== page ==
One of the delights of this project – and a key reason that I continue the blog more than three years after my year of reading the world came to an end – is the fact that I still receive large numbers of book recommendations from bibliophiles all over the planet.
It’s a great joy to hear from enthusiastic readers and to learn about so many tempting stories. However, because I sometimes get several such messages a day, it means that the already gargantuan list of reading suggestions that I gathered during my project is still growing faster than I can tackle it (and that’s not to mention all the books that I have to read for research and reviewing, as well as those titles that sometimes leap out from bookshop shelves, grab me by the scruff of the neck, march me to the checkout and force me to read them there and then).
All the same, the recommendations do not go to waste. I often check back through them and select titles to buy. And so it was that, a few weeks ago, I came upon Dust by Kenyan writer Yvonne Adhiambo Owuor, my latest book of the month.
The novel was suggested in 2015 by Kerem_Kerem, who also recommended Taiye Selasi’s excellent Ghana Must Go. Having read each of them, I’m not surprised that this reader liked them both – they share several plot devices and themes, not least the ambition to diffract national stories through the prism of a single family’s experience. Indeed, there’s even an endorsement from Selasi on the cover of my edition of Dust, which was published in 2014.
Both novels have received considerable praise from critics. But it seems to me that Owuor is less well-known in the UK than Selasi. As a result, I decided to write about her book.
As in Ghana Must Go, the narrative of Dust is kickstarted by a death. In this case, it’s the violent death of Odidi, a man in the prime of his life, who is shot in the street in Nairobi on the night of the 2007 elections. Bewildered by the news, his fragmented family reconvenes at Wuoth Ogik, the remote farm in northern Kenya where he and his sister, Ajany, grew up. There too, appears Isaiah William Bolton, the son of a British man who knew Odidi’s parents. What follows is a troubling, moving and engrossing story, in which the characters attempt to piece together the shards of what they know into a picture of the past that they can all recognise.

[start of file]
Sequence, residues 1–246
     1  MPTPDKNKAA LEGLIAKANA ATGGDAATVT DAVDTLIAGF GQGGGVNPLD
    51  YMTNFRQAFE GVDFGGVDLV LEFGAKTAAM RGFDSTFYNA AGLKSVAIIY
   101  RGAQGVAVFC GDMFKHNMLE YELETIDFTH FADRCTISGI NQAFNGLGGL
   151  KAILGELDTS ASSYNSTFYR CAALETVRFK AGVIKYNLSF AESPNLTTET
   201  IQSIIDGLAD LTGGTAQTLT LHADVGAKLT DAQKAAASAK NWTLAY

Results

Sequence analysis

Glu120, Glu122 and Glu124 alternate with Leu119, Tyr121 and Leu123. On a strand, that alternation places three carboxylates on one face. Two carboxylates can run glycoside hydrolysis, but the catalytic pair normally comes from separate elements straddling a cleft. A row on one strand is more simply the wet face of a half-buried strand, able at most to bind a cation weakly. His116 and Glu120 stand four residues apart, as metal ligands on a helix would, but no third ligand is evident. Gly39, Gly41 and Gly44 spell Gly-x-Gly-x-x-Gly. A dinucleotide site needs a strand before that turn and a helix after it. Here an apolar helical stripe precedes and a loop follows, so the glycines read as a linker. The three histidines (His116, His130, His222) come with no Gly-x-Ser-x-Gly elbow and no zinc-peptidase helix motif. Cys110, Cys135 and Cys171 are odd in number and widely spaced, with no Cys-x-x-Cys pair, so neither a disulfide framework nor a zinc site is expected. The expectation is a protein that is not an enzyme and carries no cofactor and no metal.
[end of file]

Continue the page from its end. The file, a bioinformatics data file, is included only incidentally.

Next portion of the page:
This is a book in which multiple stories are told on almost every page. One of Owuor’s greatest achievements is that she reveals repeatedly how multi-faceted human beings and the things they create are. This is nowhere more evident than in her presentation of Kenya, a place that is at once the site of great suffering and corruption, but also of extraordinary love, forbearance, beauty and humour.
Insights leap from the page, frequently launched from only a handful of well-chosen words: ‘After Mboya, Kenya’s official languages: English, Swahili, and Silence’; ‘as long as there was enough to move the day, beyond a grumble, people really didn’t care to know why their lives had become harder’; in the wake of the violence that splintered it, Kenya is a nation ‘that is gluing its cracked shell together again’.
The book is often very funny too. Owuor is a great conjurer of characters, from the ever-hopeful Babu Chaudhuri, who continues to advertise for a shop manager 46 years after he first intended to pack it in and move to England, to the wily Trader who circulates around the country, bartering stories, information and whatever comes to hand. My favourite is Aaron, a police officer posted to an isolated station in the rural north, and made at once ridiculous and pitiable through his loneliness.
Owuor’s writing is at its most beautiful when it treats of the desert landscape, where the ‘wind lumbers past like an ancient wizard’ and the dusk comes ‘plodding in and scarring the sky with yellow-orange trails’. The place is soaked in imagination. Indeed, as we follow the characters over the rocky terrain, it often seems as if we are wandering through a vast psyche rather than a physical region.
That said, the writing isn’t always this good. Poorly rendered similes and unfortunate word choices crop up here and there, and at times the prose seems as uneven as the landscape it describes. In addition, the multiplicity of stories and ideas Owuor explores occasionally clogs the text, giving odd passages a congested and sometimes confusing feel.
In the final analysis, though, I can’t help but admire Dust. Its scope is impressive, its revelations frequently breathtaking and its perspective unfailingly humane. It is a rich, slow read – one to savour over a number of days rather than to race through in an evening. But if you invest the time, the novel will reward you. I’m very glad Kerem_Kerem recommended it.
Dust by Yvonne Adhiambo Owuor (Granta Books, 2014)